SOLID46. Inc. – The hatch lines indicate the layer angle (real constant THETA) and the color indicates layer material number (MAT). and SOLID191 elements • LAYPLOT displays the layer stacking sequence from real constants in the form of a sheared deck of cards. – The layers are crosshatched and color coded for clarity. Proprietary .Pre & Post Processing Commands • LAYLIST lists the layer stacking sequence from real constants and any two material properties – SHELL99. 30 ANSYS. or BOT location within the layer © 2005 ANSYS. • SECPLOT displays the section stacking sequence from sections in the form of a sheared deck of cards – The sections are crosshatched and color coded for clarity. SHELL91. – The hatch lines indicate the layer angle (THETA) and the color indicates layer material number (MAT) defined by the SECDATA command. MID. • The SHELL command specifies a TOP. • Use the LAYER command in POST1 (or LAYERP26 in POST26) to specify the layer number for which results are to be processed. Inc.
Interlaminar shear stresses • Interlaminar shear stresses are usually important at the free edges of a model. 31 ANSYS. Proprietary . increasing the number of layers per actual material layer does not necessarily improve the accuracy of interlaminar shear stresses. • For relatively accurate interlaminar shear stresses at these locations. © 2005 ANSYS. • For shells. Inc. Inc. the element size at the boundaries of the model should be approximately equal to the total laminate thickness.
Proprietary . Inc.Interlaminar shear stresses • With elements SOLID46. • These interlaminar shear stresses are only computed in the interior and are not valid along the shell element boundaries. • Use of shelltosolid submodeling is recommended to accurately compute all of the free edge interlaminar stresses. • Interlaminar transverse shear stresses in shell elements are based on the assumption that no shear is carried at the top and bottom surfaces of the element. SOLID95. however. 32 ANSYS. SOLSH190 and SOLID191. © 2005 ANSYS. Inc. stacking elements in the thickness direction should result in more accurate interlaminar stresses through the thickness.
Proprietary .25 GXY = 3. Inc.42GPa PRXY=0.37GPa © 2005 ANSYS. Inc.25 PRXZ=0. 33 ANSYS.42GPa GYZ = 1.37GPa GXZ = 1.0/90 Symmetric Composite Example EX = 171GPa EY = 3.25 PRYZ=0.42GPa EZ = 3.
0/90 Symmetric Composite Example … Solid Shell 190 h/L = 0.06; # layers: 12 © 2005 ANSYS.2; # layers: 30 Solid Shell 190 h/L = 0. Inc. 34 ANSYS. Inc. Proprietary .
Inc.Layered section Definition Example Layered section Definition Example © 2005 ANSYS. Inc. Proprietary . 35 ANSYS.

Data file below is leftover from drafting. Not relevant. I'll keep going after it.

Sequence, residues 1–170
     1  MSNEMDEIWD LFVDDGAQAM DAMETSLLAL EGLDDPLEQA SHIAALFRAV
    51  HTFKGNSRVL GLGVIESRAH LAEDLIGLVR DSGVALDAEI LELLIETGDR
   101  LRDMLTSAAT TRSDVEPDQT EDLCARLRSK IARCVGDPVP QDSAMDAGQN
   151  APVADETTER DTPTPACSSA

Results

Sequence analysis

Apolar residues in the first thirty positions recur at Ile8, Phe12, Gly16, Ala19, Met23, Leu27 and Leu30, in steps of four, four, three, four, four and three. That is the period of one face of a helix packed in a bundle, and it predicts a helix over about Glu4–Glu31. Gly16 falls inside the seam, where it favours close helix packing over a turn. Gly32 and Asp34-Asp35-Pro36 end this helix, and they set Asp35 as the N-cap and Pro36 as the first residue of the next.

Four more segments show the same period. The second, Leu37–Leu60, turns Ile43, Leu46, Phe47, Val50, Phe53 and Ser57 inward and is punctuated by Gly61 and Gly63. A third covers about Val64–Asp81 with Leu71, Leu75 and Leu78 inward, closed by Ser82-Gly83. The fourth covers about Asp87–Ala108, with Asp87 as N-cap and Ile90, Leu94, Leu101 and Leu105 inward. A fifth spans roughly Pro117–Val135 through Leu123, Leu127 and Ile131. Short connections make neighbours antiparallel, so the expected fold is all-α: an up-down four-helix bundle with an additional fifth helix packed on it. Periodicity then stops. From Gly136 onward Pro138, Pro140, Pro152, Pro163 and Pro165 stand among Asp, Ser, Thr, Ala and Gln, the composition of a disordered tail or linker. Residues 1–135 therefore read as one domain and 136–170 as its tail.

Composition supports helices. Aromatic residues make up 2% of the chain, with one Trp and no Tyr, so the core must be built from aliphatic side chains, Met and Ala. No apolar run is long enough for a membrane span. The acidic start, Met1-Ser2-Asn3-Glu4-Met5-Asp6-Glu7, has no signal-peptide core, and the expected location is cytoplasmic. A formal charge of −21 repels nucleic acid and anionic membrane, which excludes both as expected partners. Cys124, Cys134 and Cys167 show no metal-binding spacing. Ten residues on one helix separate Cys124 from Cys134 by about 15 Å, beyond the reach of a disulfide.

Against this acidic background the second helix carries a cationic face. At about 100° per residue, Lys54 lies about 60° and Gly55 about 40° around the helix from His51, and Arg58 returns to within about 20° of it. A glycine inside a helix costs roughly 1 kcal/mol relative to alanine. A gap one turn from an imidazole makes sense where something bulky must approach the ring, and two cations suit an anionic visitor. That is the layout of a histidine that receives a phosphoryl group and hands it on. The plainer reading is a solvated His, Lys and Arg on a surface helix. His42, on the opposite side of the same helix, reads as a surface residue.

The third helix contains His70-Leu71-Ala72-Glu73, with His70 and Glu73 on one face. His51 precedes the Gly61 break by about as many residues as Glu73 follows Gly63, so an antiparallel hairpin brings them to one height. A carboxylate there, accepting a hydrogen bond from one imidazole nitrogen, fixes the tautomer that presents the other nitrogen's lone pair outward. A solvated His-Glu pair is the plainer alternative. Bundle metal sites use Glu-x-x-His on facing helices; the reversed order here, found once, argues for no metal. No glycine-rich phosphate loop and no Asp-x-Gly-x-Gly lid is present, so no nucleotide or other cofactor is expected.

Proprietary . 36 ANSYS.Layered section Definition Example … SECPLOT Command © 2005 ANSYS. Inc. Inc.
Inc. Inc. Proprietary . 37 ANSYS.Layered section Definition Example … Element Stress result for layer 5 Nodal displacement results © 2005 ANSYS.
Proprietary .Interface Delamination and Failure Interface Delamination and Failure © 2005 ANSYS. Inc. Inc. 38 ANSYS.
• Alternatively. Proprietary . • Interface delamination is traditionally simulated using fracture mechanics methods. the failure process (delamination) takes on a unique character. because when this type of structure is subjected to certain types of external loading. Inc. • The interface between the layers of a composite structure is of special interest. you can use the cohesive zone model to simulate interface delamination and other fracture pheneomenon.Interface Delamination and Failure • An interface exists anywhere two materials are joined together. Inc. © 2005 ANSYS. 39 ANSYS. such as nodal release technique.
Cohesize Zone Model • This approach introduces failure mechanisms by using the hardeningsoftening relationships between the separations and incorporating the corresponding tractions across the interface. since fracture can be viewed as a separation process between two surfaces • Interface delamination and failure simulation is performed by first separating the model into two components or groups of elements. Inc. Inc. Proprietary . • A cohesive zone is then defined between these two groups. 40 ANSYS. • This technique is also well suited for modeling the fracture process in a homogenous medium. © 2005 ANSYS. ANSYS offers a set of interface elements designed specifically to represent the cohesive zone between the components and to account for the separation across the interface.
41 ANSYS.Cohesive Elements and Material 202 L K L 203 N K I K L 205 J I M N O J I M K L W V J O R 204 X U I M Q J N Interface elements with zero thickness © 2005 ANSYS. Proprietary . Inc. Inc.
42 ANSYS. SOLID185.Interface Elements Elements Characteristics 2D. Inc. PLANE182 PLANE2. SOLID46. linear 2D. PLANE183 SOLID92. PLANE82. SOLID64. SOLSH190 © 2005 ANSYS. Proprietary . quadratic 3D. Inc. SOLID65. quadratic 3D. VISCO88. SOLID186. linear Interface Element INTER202 INTER203 INTER204 INTER205 Structural Elements PLANE42. VISCO106. SOLID95. SOLID187 SOLID45.
Inc. Inc.Cohesive Element and Material • Element characteristics T – Primary interest in d tension/opening – Separation behavior is described by a traction separation law – Accounts for contact with a simple penalty approach – Works with contact elements for better contact modeling T d © 2005 ANSYS. 43 ANSYS. Proprietary .